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2304 East Burnside Street
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In a Land Long Ago I was a Painter

Journal

In a Land Long Ago I was a Painter

Khrys Viaches

From an early age I enjoyed color, putting it to paper, watching it blend and bleed together. I was enrolled in art classes as a kid. I sought out classes through my early education and into high school. Some of this I could blame on my older sister. She has some mad-skills herself. She also had a head start with our high school art teacher and so I knew what to expect when I entered the classroom. Not only did I bask in the art glow of Mr. Durand’s classroom I learned so much more. A deeper understanding of my Irish heritage (I was in an Irish Catholic school btw), exposure to Celtic knotwork, incredible music, and a level of creative freedom I hadn’t experienced before. I ran with it. I worked on personal pieces. I learned drawing, shading, perspective, painting, clay work. I worked on set pieces for the school plays. I created fonts and calligraphy for fun.

Around me I had good friends who were also creative. We shared work, gave each other feedback and encouraged each other.

At one point I thought about making my livelihood from painting. When I enrolled in college I enrolled as a Painting major. I was allowed into painting classes my freshman year when that was normally not allowed. I focused on drawing, camouflage (one of my favorite projects), 3-D work and so on. I enjoyed criticism of my work. It encouraged me to work harder, to try new things, to do things differently.

Then it stopped. I became dismayed with “fine art”. “Things to hang on walls” I thought. How boring. I attempted to paint furniture, but that felt tacky. The work went unfinished. My interests drifted to food. A realization and craving “to stir” I figured cooking must be my destiny. Soon thereafter I moved across the country to the PNW and began this new life.

I cooked. I lived, breathed, researched, tried things and burnt things. I worked my fingers to the bone. All of this as a mere prep-cook. One day I overheard my certified executive chef boss and her partner claim to a patron after praise for the great food, “Oh we’re so exhausted by the end of the night we hit the drive-thru on the way home. We don’t eat this way at home!” I realized then that this wasn’t for me.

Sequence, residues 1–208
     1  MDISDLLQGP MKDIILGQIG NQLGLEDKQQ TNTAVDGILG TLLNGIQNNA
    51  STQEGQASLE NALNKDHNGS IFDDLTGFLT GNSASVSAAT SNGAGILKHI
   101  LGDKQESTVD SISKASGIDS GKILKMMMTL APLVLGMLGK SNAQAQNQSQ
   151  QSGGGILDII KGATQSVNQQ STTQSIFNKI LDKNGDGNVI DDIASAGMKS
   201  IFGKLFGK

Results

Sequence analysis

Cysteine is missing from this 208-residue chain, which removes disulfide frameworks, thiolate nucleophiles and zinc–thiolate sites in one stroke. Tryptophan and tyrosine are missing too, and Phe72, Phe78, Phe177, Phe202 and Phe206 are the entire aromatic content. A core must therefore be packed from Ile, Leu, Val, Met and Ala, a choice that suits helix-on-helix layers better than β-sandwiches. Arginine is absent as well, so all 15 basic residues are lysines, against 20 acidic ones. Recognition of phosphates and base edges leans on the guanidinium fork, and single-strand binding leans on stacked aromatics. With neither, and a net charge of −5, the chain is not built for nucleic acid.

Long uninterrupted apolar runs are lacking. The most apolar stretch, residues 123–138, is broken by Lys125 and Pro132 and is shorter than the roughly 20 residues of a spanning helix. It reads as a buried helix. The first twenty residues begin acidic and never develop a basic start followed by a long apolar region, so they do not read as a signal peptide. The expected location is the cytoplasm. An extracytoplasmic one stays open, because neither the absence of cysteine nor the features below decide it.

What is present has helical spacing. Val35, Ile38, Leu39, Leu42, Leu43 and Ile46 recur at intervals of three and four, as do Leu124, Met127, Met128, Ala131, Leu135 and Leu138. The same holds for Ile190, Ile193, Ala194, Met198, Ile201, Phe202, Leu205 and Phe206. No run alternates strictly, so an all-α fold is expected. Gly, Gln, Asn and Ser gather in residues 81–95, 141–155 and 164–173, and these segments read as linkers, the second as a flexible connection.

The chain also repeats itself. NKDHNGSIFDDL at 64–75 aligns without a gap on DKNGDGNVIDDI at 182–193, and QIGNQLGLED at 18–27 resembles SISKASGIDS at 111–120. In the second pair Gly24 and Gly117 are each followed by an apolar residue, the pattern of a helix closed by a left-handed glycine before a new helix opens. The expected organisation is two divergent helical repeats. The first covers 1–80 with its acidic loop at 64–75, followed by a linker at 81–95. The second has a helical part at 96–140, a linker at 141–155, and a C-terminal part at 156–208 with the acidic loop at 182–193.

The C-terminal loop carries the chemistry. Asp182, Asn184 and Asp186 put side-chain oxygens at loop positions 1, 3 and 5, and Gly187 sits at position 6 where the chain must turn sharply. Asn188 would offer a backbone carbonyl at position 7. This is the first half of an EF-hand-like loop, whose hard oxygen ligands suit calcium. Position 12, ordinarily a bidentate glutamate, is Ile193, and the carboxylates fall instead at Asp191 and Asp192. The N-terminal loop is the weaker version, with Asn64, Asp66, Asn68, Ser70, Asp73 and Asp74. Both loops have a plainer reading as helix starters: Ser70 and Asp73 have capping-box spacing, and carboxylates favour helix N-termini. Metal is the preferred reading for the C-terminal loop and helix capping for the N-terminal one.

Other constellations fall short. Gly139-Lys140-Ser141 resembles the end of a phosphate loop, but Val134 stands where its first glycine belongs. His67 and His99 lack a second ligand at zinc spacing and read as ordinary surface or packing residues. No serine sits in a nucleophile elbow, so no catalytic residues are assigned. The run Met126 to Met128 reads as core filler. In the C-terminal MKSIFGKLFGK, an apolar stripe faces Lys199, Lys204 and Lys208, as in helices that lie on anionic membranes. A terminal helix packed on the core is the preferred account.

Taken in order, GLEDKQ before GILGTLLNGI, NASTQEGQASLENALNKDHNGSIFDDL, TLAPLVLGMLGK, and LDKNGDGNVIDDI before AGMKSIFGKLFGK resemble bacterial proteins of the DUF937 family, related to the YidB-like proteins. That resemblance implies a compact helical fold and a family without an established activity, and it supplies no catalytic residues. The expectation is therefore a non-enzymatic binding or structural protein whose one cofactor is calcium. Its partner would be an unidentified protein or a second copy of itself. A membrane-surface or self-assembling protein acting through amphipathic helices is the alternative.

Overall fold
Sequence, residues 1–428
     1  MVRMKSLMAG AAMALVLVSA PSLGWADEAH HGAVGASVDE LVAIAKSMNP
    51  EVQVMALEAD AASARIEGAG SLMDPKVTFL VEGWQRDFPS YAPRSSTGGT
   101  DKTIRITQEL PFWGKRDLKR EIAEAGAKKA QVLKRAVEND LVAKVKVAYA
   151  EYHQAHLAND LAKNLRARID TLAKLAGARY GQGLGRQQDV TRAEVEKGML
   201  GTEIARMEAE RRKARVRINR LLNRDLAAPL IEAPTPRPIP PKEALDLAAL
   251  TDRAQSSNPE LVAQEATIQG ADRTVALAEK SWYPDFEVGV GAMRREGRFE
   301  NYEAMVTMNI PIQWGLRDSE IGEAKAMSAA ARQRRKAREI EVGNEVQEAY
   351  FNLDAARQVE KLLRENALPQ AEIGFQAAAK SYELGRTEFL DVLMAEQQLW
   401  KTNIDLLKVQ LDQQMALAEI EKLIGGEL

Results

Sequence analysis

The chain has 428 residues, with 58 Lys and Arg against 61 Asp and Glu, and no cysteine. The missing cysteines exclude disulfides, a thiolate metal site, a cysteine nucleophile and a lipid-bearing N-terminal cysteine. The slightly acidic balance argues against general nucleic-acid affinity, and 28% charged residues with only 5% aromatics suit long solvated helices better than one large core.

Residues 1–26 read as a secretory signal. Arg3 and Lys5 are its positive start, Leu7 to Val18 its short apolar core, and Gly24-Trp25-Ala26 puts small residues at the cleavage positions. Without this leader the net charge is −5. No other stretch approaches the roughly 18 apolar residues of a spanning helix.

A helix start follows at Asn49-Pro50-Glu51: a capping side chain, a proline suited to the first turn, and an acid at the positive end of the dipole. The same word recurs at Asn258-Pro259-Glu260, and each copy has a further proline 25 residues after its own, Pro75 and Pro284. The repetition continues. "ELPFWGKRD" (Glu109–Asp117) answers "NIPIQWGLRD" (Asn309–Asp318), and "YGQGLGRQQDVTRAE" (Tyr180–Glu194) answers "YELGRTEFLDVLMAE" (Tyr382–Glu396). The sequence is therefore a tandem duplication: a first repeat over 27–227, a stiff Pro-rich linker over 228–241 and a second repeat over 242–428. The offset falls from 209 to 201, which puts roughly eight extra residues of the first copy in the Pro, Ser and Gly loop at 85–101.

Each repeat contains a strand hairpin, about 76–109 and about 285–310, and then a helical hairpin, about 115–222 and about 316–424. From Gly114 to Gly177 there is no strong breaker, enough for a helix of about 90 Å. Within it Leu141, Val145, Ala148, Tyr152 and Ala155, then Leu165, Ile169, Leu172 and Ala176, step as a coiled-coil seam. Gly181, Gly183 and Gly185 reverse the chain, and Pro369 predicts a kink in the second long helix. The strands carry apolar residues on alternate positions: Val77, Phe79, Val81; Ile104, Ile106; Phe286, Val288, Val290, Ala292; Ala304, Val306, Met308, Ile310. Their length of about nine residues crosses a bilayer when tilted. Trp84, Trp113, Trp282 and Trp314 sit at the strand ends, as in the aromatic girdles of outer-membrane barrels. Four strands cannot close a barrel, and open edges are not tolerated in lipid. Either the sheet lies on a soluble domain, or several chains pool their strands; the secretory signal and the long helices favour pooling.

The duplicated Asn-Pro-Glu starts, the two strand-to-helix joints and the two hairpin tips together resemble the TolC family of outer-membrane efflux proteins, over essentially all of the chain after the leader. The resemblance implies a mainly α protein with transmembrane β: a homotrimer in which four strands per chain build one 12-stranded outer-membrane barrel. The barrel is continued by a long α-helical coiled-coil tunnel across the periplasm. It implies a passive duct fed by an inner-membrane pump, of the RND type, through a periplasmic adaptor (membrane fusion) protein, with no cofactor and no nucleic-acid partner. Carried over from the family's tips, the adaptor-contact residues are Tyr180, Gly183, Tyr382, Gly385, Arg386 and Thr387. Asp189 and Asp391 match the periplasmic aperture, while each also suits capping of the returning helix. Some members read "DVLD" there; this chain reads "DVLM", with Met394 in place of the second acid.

In a mysterious way herbs became my life. No real flag flew to show me my destiny. Somehow wellness, support for the bodies innate ability to heal itself, recognizing patterns and helping others became my focus. Making things is still important for me – hence the products I make and share here, but it goes beyond this. To make items custom for individual people is where it’s at.

While herbs began to take over I occasionally would draw them, paint them. Quick things. Some detail with an abstract twist. When my son was born I drew more things. Simple things to entertain him. Requests. It was odd stretching my fingers back into old patterns. I enjoyed it. I went through fazes of more and less drawing. I planned a babies herbal to teach the alphabet using illustrations of plants (it’s unfinished). I drew with my son to occupy the time. I occasionally draw something to show him how to draw something. None of this has been constant. Still we draw together, a beautiful blend of styles, colors and requests.

A few months ago it came back to me. It drifted in on a light breeze. I want to paint. How to find time? Where can I make a mess? A million excuses churned up to discourage this hint. I was stressed out. I wanted sunshine and peace and to let go. I saw a flash – the small watercolor kit I bought when I was 18. I held onto it for all these years. Over 20 years. With this a small watercolor pad and a travel water bottle from another travel kit I could have this in my bag at all times. It has its own pocket. On my lunch breaks I sit in the healing herb garden next to my 9 – 5 and paint. Free hand, pencil doodles, fine detail, abstract weirdness – it doesn’t matter. I’m painting again and I love it. Watching the colors blend and bleed together. So simple, so grounding.

I have bigger canvases. A new kit of acrylics and old kit of oils you can clean up with water. One of these days I’ll broaden to the larger realm (I did paint 4’ x 5’ oils back in the day). But right now this is just right.